Did you know the number of tourists visiting Alaska is increasing? In 2017, the region hosted around 1.93 million tourists, a 4% increase since last year. The year 2018 was another healthy year, and it’s only expected to rise by the end of 2019.
We can’t blame these tourists as Alaska is a beautiful state with different experiences to offer to different kinds of tourists. Whichever type of tourist you are, though, you must always study your destination to know what you can expect.
To make it easier for you to get familiar with Alaska, read on for our 10 tips for travelers visiting Alaska.
1. Mind the Midnight Sun
If you’re heading out to Alaska in summer, you’ll have to consider its long days, especially when you’re a light sleeper. During this time, the sun rises so early in the morning and sets so late at night, hence the term midnight sun. On average, the sun is out for 20 hours (or more) each day.
The days are longer, which means longer hours of adventure. It’s a nightmare for people who can’t sleep unless it’s pitch dark, though.
Some hotels have blackout curtains to counter this, but inns in some smaller towns might not. Plan your trip accordingly.
2. Plan Your Diet
You might have heard of Alaska’s giant produce, but that doesn’t make it a good destination for vegetarians and vegans. This region has a short growing season, and so fresh fruits and vegetables aren’t abundant.
You’ll have to prepare your food before every trip, especially if it’s out of the city. Fresh produce is even scarcer in those parts. Buy in advance in big cities, and buy some vegan snacks while you’re at it. This ensures you have something you can eat in case you can’t find food later.
3. Taste the Local Seafood
The waters in Alaska produce some of the best seafood in the whole country. You can’t miss this experience, so whenever you can, order some fresh, local seafood. Try everything you can, you can’t go wrong with seafood from Alaska.
You can even go fishing, which is an activity that’s popular in Alaska. You can find various fishing trips to the lake or even to the ocean.
4. Dress Like an Onion
What we mean here is – dress in layers. This tip is invaluable in the summertime when the weather can be fickle. It may be 90 degrees Fahrenheit one day and then 40 degrees Fahrenheit the next. The next day may also bring driving rain, and sometimes, you may even see the mountains lined with snow.
If you’re planning a lot of outdoor activities for your whole trip, bring clothes you can layer. That way, you can add or remove a piece of clothing until it becomes suitable for the weather.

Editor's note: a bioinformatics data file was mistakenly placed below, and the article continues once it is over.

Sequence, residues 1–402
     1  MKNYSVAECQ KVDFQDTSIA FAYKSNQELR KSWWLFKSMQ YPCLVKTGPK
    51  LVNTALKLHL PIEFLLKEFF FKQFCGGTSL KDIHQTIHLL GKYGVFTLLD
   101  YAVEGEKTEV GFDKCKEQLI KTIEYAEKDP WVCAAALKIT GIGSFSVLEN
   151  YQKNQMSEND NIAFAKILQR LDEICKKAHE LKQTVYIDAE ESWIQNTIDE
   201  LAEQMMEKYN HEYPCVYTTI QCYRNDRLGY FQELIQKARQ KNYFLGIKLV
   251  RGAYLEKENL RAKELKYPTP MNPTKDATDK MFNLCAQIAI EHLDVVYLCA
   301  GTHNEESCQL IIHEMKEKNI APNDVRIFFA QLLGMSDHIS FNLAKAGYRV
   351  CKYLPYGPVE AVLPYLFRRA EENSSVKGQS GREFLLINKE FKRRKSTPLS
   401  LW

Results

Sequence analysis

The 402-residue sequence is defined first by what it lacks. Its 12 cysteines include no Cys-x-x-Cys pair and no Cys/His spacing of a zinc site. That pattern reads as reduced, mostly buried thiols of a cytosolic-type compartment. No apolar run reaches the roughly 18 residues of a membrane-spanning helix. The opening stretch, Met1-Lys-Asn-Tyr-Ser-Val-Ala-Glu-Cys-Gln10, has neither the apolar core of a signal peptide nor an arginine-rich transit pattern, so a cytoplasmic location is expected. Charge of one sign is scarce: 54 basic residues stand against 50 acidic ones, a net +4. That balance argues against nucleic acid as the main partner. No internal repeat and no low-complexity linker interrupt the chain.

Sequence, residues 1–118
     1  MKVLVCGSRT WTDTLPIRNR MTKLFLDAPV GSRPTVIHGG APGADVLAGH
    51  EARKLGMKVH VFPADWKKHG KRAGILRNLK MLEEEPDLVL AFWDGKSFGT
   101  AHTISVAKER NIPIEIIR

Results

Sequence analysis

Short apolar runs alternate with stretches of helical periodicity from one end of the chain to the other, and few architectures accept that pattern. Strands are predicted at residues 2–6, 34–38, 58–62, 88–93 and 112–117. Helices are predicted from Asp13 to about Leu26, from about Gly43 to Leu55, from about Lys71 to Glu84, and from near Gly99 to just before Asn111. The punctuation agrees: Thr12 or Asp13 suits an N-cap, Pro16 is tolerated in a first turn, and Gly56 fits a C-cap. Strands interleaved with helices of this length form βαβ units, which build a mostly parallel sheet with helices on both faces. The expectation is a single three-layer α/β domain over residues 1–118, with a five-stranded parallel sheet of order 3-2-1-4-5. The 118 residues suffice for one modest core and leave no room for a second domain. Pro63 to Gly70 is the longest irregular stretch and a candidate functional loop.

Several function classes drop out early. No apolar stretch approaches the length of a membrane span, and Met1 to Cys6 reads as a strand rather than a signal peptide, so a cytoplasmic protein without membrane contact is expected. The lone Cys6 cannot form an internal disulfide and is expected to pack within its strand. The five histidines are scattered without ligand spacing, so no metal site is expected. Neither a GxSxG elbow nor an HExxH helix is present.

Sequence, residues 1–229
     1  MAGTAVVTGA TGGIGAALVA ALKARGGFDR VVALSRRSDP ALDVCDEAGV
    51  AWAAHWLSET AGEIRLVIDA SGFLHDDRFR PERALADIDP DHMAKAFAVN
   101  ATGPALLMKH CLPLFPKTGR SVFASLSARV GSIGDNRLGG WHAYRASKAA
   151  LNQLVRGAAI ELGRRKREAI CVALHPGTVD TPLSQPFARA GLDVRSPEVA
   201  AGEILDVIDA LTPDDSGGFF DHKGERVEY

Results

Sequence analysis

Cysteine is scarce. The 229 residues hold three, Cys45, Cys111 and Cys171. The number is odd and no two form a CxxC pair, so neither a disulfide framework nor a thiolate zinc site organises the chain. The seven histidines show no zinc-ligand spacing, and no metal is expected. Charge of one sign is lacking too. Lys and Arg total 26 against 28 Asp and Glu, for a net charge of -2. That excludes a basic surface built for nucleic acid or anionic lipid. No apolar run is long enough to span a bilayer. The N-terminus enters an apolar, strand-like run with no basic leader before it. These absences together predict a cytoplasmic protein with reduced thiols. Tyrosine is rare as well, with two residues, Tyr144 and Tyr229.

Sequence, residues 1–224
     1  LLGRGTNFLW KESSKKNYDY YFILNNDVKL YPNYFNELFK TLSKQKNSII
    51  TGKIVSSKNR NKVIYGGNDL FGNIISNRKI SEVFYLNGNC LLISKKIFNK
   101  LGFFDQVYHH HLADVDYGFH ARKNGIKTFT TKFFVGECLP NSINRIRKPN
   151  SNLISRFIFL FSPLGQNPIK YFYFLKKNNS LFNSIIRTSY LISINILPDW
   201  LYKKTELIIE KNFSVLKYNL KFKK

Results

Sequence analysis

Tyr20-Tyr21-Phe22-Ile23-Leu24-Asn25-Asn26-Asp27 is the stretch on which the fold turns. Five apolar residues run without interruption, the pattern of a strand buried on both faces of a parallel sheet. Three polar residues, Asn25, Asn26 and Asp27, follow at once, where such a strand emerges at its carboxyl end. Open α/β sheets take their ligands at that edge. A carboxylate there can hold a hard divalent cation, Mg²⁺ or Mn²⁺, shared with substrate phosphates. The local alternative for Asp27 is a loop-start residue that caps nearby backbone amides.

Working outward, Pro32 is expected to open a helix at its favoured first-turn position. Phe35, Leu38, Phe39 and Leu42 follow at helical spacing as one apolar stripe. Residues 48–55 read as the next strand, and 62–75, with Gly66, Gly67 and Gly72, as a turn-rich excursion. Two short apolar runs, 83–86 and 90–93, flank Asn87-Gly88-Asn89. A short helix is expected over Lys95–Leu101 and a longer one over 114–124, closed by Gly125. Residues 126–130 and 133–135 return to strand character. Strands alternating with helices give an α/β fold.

5. Rent a Car
When visiting Alaska, it’s always recommended to rent a car. Alaska has a lot to offer; with a car, you can switch between places with ease. It also allows you to travel to some remote places and make stopovers whenever you feel like it.
Even with a car, though, the drive may still be challenging. Distances here are vast, and the road system is interesting. The roads are often winding with some rises and sinks.
6. Keep the Gas Tank Full
With that said, make sure to not let it go dangerously low. Gas stops are scarce while you’re going to do plenty of driving.
If you have a chance to stop at a gas station, take this opportunity to fill up on gas even if you’re not close to empty. You may not see another one until you’re running low.
In line with that, take a bathroom break every chance you get, too.
7. Visit the Zoo for a Wildlife Guarantee
Alaska has a long list of majestic wildlife, some of which you can read about in this article. However, seeing these animals in the wild isn’t going to be easy.
Don’t expect them to see them strolling about like the animals in Australia. There’s a chance you might not even see a single animal in its natural habitat for your whole trip.
If you want a guarantee, go to the zoo instead. But going on tours increase your chances of seeing one.
8. Look Out for Wildlife at the Side of the Road
While this is not so common like travel articles want you to believe, there’s a chance you’ll see some wildlife on the side of the road. A huge clue is a caravan of cars parked on the side of the road in the middle of nowhere.
If you see even one car that’s parked, pull over, too, and get your camera ready. This might be the chance to see the majestic wildlife you’re looking for.
9. Don’t Leave Food in Your Car
Parking your car? Get all your food and bring it with you. You don’t want to see wildlife this way.
Such incidents are far and between. It may also be only true for popular campsites wherein bears have learned that people store food in their cars. However, it’s a good habit to practice wherever you are in Alaska.
Bears have a strong sense of smell. When they smell a snack, there’s no getting in their way. The safety a car provides is only a minor inconvenience to them.
10. Go Anytime Between September and April for the Northern Lights
The summer months may be Alaska’s tourist season, but this isn’t the time to view an aurora. The best time for that is winter – when the weather is at its coldest and the day is at its darkest. However, fall also presents opportunities for you to see them.
If this is a priority for you, go in the dead of the winter. But if you can’t, at least time your trip to be between September and April. It’s going to be cold, though, so you better prepare.
Prepare the Essentials When Visiting Alaska
If you’re visiting Alaska anytime soon, make yourself acquainted with its weather, the best tourist spots, best tours, and other activities you might have interest in. The 10 tips above will help you with your trip, but make sure you’re prepared even if your plans go wrong.
Check out more travel tips with our blog posts today.